Make It: Reverse Applique Cushion cover

Today I’m going to show you how to make a reverse applique cushion cover (and, of course, you could then reserve applique anything you want!). Reverse applique is kinda what it says on the tin – you have 2 different fabrics, but the one that would be on the top in normal applique is underneath and the top fabric is cut away to reveal it.

I already had a cushion pad in need  of a cover as I bought a bunch when I bought the pad for my Sarah and Duck cushion. It measured 35cm x 35cm. So my fabric would be 38cm x 38cm, which adds a 1.5cm seam allowance to each side. You could always make the cover first and then buy the pad that fits the size you’ve made – though I would check you can definitely get one in that size before you spend ages making the cover.

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The fabrics I used were a blue fat quarter I was given by my aunt and which had been in my stash for a while,

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an off-cut of my ugly skirt refashion fabric,

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and the left-overs from my yellow skirt gang skirt (which sadly was consigned to the charity shop as I never wore it).

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The yellow fabric is the main fabric on both sides, so cut 2 squares of 38cm x 38cm. The biggest square I could squeeze out of the blue and yellow tartan fabric was 20cm x 20cm. This means I placed it 9cm from each edge (38-20/2). Then pin it in place.

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Top tip: Use washi tape (or other removable tape to make a new sewing guide for your sewing machine if your seam allowance (in this case 10cm) is bigger than the guides marked on the machine).

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Then sew all around the shape – I did this with the ‘back’ facing upwards so I would know I had caught all of the edges and there wouldn’t be any gaps. I also used one of my decorative stitched (D on the second row, below), to make sure it was sewn as securely as possible. Also it looks nice!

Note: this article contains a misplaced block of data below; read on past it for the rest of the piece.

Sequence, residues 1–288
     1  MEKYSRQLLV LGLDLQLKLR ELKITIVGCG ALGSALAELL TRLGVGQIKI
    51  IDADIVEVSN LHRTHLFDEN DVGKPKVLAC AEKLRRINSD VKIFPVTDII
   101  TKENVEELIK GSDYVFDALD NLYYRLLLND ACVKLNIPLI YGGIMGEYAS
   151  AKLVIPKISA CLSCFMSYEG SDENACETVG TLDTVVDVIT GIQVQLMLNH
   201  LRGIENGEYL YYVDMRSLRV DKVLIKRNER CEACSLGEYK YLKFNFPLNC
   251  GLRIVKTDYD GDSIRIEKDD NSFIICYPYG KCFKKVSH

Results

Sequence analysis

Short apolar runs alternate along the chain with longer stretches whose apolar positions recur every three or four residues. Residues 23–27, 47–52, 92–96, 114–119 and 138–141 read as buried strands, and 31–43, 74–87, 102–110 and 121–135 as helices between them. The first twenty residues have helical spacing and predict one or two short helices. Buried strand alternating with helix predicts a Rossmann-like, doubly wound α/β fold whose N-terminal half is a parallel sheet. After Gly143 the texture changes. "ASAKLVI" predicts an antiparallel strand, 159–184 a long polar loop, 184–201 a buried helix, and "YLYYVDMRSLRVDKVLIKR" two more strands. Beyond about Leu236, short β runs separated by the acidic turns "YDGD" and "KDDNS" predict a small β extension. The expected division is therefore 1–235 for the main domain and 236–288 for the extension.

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This is what it will look like once you’ve sewn all the way around. Remember this is the back view.

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Flip your cushion over to the front and pinch only the top fabric in the middle – you should be able to tell when you’ve got both fabrics and when you’ve isolated only the top one.

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Then snip a little hole, then use this to cut out the middle of your main fabric up to the stitching – make sure you don’t snip any of the actual stitches!

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You will then have this:

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So that’s one side done – easy, right?

I decided I wanted my other side to be a circle and not a square. I cut the fat quarter into a square of 38cm x 38cm – if you have a smaller piece of fabric, you don’t have to cut it to the same size as the main fabric.

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Find the centre of the squares by folding in diagonally in half twice – push a pin in to mark this spot.

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With your pin still making the middle (you can almost make it out in this photo), pin the 2 squares of fabric together.

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The trick to sewing a circle is a trusty drawing pin! I decided to sew my circle with a 10cm radius (the distance from the centre to the edge). Measure from the needle to where you want the centre of the circle to be.

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Using washi tape (or another removable tape) stick the drawing pin in a straight line from the needle, pin facing upwards.

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Push the fabric onto the drawing pin, exactly where you had the pin marking the centre of your fabric – the drawing pin will act as a pivot around which you can sew your (pretty) perfect circle.

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Now you’re ready to sew your circle – you’ll find it easier to hold the fabric with the pin between 2 fingers to make sure it pivots evenly around in a circle. I also found it helpful to go slowly and to stop often to even up the tension between the pin and the needle. I, again, used a decorative stitch on my machine.

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You should end up with something like this – this is the back as the stitching wasn’t rally visible on the back.

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Then repeat the process of pinching the top layer of fabric,

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snipping a hole and cutting out the top fabric up to the line of stitching,.

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It should look like this:

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You then need to sew the 2 side of your cushion together. Pin them right sides facing (i.e. yellow sides together, blue sides on the outside) and sew around 3 sides, leaving the 4th side open to get the cushion pad in.

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It will help you to get clean square corners if you snip the excess fabric off like this before you turn it the right way around.

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Then turn it right sides out, and hand stitch the open side, tucking the seam allowance inside. Then you should have a lovely new cushion to brighten up a dreary January day!

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2 Replies to “Make It: Reverse Applique Cushion cover”

  1. Pingback: A Review of 2016

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